Brazile has worked on several presidential campaigns for Democratic candidates, including Jimmy Carter-Walter Mondale in 1976 and 1980, Rev. Jesse Jackson’s first historic bid for the presidency in 1984, Walter Mondale-Geraldine Ferraro in 1984, and for U.S. Representative Richard Gephardt in the 1988 Democratic primary. After Gephardt lost the primary in 1988, Brazile served as deputy field director of the Michael Dukakis general election campaign.

During this time unsubstantiated rumors of an extra-marital affair involving George H.W. Bush where reported by Brazile and she said he needed to “’fess up” about it. The Dukakis campaign immediately disavowed her remarks and, at the suggestion of campaign manager Susan Estrich, Brazile resigned the same day. Estrich has recently claimed that “I fired her 16 years ago because she wouldn’t follow Mike Dukakis’ orders to go easy on George Bush”.

In the 1990s, Brazile served as Chief of Staff and Press Secretary to Congresswoman Eleanor Holmes Norton where she helped guide the District’s budget and local legislation on Capitol Hill. She advised Bill Clinton’s campaign for the presidency in 1992, and for re-election in 1996. In 2000, Brazile was appointed campaign manager of the 2000 presidential campaign of Vice-President Al Gore, becoming the first African-American woman ever to run a major presidential campaign. After the post-election fight over votes in Florida, Brazile was appointed Chair of the Democratic National Committee’s Voting Rights Institute.

She also served as a lecturer at the University of Maryland, College Park, a fellow at Harvard University’s Institute of Politics, and as an Adjunct Professor of Government at Georgetown University. Brazile is a weekly contributor and political commentator on CNN’s Inside Politics and American Morning. In addition, she is a columnist for Roll Call and a contributing writer for Ms. Magazine. In 2004, Brazile published Cooking With Grease, her memoir of her life and work in politics.

Dr. Kenneth B. Clark, psychologist and educator, is awarded the NAACP’s Spingarn Medal for pioneering studies that influenced the Supreme Court decision on school desegregation.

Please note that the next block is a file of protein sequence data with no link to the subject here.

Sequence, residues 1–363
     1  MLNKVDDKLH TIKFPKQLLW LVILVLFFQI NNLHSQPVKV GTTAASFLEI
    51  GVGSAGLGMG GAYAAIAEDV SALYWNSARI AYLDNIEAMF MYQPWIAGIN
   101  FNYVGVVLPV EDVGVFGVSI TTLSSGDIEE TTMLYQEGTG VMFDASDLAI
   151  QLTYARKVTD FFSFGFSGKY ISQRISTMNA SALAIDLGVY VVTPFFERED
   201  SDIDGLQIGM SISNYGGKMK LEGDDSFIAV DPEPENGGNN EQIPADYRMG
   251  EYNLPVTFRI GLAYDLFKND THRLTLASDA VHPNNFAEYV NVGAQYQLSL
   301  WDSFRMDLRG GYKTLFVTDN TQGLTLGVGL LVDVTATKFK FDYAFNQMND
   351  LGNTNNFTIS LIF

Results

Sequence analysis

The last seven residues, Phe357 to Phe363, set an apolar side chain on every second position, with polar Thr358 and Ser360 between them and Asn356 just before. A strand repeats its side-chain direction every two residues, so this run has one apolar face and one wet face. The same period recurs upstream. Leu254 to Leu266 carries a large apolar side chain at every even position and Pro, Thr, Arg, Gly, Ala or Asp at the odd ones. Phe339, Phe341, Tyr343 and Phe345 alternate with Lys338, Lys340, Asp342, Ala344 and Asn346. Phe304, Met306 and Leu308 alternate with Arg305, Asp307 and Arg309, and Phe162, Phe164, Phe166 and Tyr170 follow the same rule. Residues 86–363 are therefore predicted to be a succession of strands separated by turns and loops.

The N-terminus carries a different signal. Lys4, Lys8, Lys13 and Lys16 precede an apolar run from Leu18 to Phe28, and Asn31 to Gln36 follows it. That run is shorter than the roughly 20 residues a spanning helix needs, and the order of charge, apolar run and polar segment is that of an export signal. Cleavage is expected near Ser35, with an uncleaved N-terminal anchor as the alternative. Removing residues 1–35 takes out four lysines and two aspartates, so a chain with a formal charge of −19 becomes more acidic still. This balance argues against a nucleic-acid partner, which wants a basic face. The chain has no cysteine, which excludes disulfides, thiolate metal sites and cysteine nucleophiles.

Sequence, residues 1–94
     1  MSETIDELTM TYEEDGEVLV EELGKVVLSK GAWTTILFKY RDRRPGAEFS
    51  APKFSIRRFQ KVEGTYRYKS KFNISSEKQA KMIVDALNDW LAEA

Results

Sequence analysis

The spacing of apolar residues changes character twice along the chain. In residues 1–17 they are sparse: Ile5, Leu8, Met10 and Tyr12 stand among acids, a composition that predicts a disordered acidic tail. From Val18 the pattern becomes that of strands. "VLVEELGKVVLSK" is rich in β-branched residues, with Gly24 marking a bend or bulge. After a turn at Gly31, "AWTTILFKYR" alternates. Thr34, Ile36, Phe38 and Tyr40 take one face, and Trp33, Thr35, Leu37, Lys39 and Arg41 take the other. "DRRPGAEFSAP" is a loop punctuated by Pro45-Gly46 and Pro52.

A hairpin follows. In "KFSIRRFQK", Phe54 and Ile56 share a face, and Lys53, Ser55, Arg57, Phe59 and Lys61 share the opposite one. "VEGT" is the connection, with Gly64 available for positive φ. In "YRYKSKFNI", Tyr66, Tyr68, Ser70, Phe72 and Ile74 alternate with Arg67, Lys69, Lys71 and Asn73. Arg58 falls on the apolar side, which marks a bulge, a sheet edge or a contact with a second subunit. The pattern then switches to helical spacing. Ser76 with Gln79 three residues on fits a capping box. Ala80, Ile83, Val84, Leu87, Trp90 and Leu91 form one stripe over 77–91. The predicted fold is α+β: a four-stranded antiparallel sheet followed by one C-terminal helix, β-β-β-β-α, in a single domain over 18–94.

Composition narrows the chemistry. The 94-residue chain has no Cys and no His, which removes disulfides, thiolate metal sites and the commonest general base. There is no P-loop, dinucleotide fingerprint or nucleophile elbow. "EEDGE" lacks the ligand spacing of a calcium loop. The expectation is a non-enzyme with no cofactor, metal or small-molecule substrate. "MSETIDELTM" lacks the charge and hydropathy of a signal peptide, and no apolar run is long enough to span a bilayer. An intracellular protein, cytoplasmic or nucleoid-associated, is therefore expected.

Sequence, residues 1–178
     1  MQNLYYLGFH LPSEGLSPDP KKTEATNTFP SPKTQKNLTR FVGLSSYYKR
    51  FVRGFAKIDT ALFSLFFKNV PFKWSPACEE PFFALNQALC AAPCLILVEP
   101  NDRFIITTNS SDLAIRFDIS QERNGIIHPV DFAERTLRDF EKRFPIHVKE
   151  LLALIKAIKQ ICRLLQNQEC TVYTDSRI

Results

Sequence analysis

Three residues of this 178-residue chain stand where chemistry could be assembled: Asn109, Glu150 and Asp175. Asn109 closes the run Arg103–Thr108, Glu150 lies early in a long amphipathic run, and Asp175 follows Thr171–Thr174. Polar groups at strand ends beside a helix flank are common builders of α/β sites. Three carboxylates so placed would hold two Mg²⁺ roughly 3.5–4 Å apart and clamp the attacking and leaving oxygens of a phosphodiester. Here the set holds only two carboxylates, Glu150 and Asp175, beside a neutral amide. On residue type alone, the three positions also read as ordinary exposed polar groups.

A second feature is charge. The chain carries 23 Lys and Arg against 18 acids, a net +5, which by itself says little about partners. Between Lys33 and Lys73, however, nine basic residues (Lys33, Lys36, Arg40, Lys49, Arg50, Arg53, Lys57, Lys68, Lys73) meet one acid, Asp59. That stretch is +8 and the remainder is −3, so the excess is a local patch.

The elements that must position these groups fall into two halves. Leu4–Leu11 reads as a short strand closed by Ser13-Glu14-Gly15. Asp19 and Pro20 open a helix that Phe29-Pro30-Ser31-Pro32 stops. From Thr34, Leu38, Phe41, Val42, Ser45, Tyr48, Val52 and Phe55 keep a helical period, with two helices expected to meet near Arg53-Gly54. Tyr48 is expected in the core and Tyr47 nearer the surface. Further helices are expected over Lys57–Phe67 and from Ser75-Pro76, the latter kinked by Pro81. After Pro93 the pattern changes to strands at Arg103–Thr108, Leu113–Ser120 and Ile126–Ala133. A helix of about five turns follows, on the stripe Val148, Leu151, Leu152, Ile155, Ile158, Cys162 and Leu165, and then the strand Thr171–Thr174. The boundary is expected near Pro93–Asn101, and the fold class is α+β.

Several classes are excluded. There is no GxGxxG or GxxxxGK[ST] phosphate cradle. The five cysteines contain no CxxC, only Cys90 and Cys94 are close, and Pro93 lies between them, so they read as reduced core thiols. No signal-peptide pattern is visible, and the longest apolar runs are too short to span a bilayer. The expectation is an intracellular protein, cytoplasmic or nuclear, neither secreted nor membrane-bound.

Police use tear gas and leashed dogs to stop a mass demonstration by fifteen hundred African Americans in Baton Rouge, Louisiana.

Dave Winfield signs a ten-year contract with the New York Yankees, for somewhere between $1.3 and $1.5 million. He will become the wealthiest player in the history of U.S. team sports. The total package for the outfielder is said to be worth over $22 million dollars.

The “Sonning Prize” for musical excellence was awarded to trumpeter Miles Davis on this date. The jazz legend was also presented with a $9,000 cash prize during the ceremony held in Copenhagen, Denmark.

Businessman J. Bruce Llewellyn and former basketball star Julius Erving become owners of Philadelphia Coca-Cola Bottling, the fourth-largest African American business in the United States.

Septima Poinsetta Clark, civil rights activists, died on St. John’s Island, SC on this date. Her credits include the “Living Legacy Award” from President Jimmy Carter.

R&B singer Rufus Thomas, know for songs such as “Do the Funky Chicken” and “Walking the Dog,” died on this date. He was 84.

On this date, Strom Thurmond’s family acknowledged a California woman’s claim that she is his illegitimate black daughter.

This announcement came from Columbia, SC where the former South Carolina Senators family’s lawyer, J. Mark Taylor, said: “As J. Strom Thurmond has passed away and cannot speak for himself, the Thurmond family acknowledges
Ms. Essie Mae Washington-Williams’ claim to her heritage. We hope this acknowledgment will bring closure for Ms. Williams.”

Williams (at that time) was a 78-year-old retired teacher living in Los Angeles. Thurmond died in June 2003 at age 100. Williams had long been rumored to be Thurmond’s child, though she had previously denied it. She said she waited to go public because she didn’t want to embarrass herself or hurt Thurmond’s career. In seven decades of politics, Thurmond gained fame and infamy as an arch-segregationist, but he later came to support a holiday for the slain civil rights leader Martin Luther King.

Williams claims Thurmond fathered her when he was a 22-year-old living in his parents’ home in Edgefield. Her mother, Carrie Butler, 16, had been working as a maid in the Thurmond’s’ home. Raised by an aunt, Williams said she first met Thurmond around 1941, when she was 16, and Thurmond called her a “very lovely daughter.” She told the newspaper she received money at least once a year in sessions arranged by Thurmond’s Senate staff.